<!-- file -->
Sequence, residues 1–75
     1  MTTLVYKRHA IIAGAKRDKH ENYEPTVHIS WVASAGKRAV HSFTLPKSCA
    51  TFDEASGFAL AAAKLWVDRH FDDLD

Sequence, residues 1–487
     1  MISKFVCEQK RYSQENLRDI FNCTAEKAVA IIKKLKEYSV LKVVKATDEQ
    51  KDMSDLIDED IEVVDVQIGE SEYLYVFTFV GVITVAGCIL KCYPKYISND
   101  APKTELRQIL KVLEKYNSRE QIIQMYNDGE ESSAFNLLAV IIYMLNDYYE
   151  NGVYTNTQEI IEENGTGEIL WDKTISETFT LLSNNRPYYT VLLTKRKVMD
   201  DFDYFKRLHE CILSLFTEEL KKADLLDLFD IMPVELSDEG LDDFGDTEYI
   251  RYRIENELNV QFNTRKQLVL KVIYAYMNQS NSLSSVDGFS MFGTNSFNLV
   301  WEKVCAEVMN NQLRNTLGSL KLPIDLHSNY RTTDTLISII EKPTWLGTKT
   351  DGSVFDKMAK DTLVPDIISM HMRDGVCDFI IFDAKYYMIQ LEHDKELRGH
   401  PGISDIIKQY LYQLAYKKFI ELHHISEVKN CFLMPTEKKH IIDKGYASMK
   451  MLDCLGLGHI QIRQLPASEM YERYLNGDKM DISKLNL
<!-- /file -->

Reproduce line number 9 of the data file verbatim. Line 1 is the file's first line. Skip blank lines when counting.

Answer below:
   201  DFDYFKRLHE CILSLFTEEL KKADLLDLFD IMPVELSDEG LDDFGDTEYI